Adding to the list of high-quality exports from East Timor, Cooperativa Café Timor (CCT) sent off its first shipment of cloves this month, the first time the spice has ever been exported from the country.
As part of NCBA CLUSA’s U.S. Department of Agriculture-funded Agribusiness Development Project, nearly 400 farmers are now growing cloves in the country, which introduced the spice to the island in an effort to diversify agriculture and exports for East Timor, typically known for its high-quality coffee.
“It’s very much in line with what the government is doing in diversifying agriculture to enable Timor L’Este to move in an export direction,” said East Timor’s Prime Minister Dr. Rui Maria de Araújo during the inaugural shipment ceremony.
During the ceremony, the prime minister joked that now that the door was open, East Timor should be exporting a new product every six months. In addition to cloves, the USDA Agriculture Diversification Project has also introduced cassava, pepper, cocoa and vanilla, among other crops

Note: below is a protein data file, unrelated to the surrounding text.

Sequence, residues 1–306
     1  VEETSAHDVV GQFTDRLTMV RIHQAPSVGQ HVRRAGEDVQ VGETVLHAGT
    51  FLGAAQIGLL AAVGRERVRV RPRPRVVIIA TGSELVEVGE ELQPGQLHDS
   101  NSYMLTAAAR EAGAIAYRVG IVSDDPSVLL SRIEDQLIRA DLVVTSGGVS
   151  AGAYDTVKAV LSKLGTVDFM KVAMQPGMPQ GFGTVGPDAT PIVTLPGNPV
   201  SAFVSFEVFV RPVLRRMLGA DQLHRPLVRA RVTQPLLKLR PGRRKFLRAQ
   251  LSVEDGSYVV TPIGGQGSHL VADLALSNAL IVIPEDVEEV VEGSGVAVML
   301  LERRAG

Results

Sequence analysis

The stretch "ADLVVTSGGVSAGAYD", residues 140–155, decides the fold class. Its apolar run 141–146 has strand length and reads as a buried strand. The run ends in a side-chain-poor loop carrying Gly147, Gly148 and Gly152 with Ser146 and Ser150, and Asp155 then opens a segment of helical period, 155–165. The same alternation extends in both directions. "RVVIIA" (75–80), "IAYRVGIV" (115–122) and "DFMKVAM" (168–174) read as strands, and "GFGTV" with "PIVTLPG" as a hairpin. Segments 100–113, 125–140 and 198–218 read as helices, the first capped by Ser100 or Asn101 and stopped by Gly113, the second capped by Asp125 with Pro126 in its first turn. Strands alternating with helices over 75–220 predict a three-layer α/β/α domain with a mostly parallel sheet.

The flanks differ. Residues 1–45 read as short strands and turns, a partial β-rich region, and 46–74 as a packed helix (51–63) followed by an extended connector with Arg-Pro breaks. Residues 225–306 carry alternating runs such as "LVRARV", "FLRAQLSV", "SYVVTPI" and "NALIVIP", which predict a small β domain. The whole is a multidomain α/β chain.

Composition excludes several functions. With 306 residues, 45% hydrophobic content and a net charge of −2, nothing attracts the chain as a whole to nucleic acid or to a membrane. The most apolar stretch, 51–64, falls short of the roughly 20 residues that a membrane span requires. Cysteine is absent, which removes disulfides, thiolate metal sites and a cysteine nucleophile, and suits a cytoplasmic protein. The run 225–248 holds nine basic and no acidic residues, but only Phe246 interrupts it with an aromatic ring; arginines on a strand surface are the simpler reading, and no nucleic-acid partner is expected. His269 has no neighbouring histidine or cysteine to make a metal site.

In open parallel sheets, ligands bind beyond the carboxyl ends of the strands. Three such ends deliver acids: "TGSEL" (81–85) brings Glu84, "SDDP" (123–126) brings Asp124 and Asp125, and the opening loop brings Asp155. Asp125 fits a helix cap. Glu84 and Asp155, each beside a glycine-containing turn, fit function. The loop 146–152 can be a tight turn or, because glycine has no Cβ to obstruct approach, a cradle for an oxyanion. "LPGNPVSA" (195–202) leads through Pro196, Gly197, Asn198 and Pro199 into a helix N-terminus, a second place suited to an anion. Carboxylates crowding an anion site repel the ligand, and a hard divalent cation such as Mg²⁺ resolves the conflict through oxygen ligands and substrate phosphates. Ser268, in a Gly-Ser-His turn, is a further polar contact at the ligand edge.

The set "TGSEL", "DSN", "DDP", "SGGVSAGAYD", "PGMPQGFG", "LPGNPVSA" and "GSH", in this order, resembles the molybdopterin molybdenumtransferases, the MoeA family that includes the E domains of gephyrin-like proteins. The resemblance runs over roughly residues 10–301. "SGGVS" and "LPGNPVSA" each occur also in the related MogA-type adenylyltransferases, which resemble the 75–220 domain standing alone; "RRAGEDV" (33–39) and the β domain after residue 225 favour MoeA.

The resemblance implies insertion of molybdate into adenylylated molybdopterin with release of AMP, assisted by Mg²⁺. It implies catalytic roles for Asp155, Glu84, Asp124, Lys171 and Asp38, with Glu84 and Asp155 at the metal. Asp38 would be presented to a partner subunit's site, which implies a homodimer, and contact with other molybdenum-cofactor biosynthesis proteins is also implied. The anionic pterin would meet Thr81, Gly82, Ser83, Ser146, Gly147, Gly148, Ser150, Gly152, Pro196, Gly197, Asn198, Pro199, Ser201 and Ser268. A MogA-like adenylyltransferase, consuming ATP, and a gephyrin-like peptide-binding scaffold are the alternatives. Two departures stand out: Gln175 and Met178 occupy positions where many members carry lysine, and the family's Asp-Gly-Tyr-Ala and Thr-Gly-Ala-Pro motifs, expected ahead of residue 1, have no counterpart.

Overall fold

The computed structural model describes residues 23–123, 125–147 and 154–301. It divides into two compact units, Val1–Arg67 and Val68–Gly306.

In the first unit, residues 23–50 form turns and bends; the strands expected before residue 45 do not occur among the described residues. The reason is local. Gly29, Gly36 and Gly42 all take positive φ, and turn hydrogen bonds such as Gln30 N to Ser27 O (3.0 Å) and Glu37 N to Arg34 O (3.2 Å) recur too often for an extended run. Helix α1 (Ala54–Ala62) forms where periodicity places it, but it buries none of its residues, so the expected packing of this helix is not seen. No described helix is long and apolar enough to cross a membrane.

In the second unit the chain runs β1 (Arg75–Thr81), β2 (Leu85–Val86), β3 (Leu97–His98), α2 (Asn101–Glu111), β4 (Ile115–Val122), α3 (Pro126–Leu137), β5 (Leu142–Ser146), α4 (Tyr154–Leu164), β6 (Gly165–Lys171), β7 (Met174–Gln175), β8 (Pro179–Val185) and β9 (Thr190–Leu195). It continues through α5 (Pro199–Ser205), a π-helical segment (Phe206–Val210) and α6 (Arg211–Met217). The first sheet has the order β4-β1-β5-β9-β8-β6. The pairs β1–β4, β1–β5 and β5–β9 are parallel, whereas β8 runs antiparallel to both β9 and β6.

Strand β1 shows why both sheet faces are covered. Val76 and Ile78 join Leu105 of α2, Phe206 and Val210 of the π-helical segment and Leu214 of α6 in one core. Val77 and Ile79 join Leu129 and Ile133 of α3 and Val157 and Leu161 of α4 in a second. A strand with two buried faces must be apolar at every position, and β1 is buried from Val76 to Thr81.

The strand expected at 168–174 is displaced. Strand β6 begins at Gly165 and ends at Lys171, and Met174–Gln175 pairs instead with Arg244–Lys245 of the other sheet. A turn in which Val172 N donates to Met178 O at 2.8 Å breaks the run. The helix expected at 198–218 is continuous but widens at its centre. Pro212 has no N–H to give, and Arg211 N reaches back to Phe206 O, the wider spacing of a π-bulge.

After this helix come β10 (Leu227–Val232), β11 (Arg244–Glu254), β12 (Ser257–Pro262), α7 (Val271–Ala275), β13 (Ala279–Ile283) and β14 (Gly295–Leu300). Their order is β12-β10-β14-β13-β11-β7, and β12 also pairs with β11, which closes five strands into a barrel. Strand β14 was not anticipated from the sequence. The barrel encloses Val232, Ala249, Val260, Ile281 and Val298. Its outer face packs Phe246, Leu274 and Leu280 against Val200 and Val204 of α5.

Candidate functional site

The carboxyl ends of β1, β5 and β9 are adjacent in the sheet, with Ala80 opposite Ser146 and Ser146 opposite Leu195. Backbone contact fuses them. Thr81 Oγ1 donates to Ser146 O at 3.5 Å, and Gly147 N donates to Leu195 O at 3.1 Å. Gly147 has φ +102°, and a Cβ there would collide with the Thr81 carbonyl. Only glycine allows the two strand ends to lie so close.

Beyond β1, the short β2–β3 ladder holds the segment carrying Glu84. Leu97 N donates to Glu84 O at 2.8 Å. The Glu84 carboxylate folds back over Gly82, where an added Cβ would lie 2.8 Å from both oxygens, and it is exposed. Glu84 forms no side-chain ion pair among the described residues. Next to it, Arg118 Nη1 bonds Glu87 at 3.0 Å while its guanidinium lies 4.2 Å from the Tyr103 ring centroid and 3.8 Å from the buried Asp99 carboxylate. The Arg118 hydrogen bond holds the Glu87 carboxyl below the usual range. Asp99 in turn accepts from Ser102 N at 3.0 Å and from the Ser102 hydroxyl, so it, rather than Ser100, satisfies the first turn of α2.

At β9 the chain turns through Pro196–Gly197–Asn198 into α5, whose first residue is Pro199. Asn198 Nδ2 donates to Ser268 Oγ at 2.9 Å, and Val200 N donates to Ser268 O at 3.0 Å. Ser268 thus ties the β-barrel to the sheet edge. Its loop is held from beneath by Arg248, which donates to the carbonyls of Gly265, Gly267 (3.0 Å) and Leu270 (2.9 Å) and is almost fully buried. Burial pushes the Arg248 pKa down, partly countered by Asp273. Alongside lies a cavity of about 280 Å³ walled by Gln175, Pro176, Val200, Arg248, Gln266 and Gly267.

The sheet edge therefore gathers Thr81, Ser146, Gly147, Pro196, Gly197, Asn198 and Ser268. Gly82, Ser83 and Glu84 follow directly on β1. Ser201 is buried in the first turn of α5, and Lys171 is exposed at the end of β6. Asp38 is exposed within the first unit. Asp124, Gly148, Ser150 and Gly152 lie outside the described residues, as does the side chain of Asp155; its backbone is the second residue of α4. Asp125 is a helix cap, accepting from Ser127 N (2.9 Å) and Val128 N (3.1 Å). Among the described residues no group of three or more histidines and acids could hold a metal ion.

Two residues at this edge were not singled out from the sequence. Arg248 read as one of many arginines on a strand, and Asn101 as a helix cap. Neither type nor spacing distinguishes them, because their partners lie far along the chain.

The first cloves shipment, weighing 10,000 kilograms, went out to McCormick & Company, known for its ethical sourcing of spices and a partner on other NCBA CLUSA projects.
“It is very encouraging to see Timorese working together with the government and development partners,” Prime Minister Araújo said.
With high-quality coffee already on the market, East Timor is looking to expand its reputation to include high-quality products and spices across various markets.
Working with farmers on the eastern part of the island, diversifying the co-op’s agriculture means more farmers can sell to and become members of Cooperativa Café Timor. Diversification is a win-win for both the co-op, which experiences growth, and the new farmers, who benefit from membership rates for their crops along with high-quality training.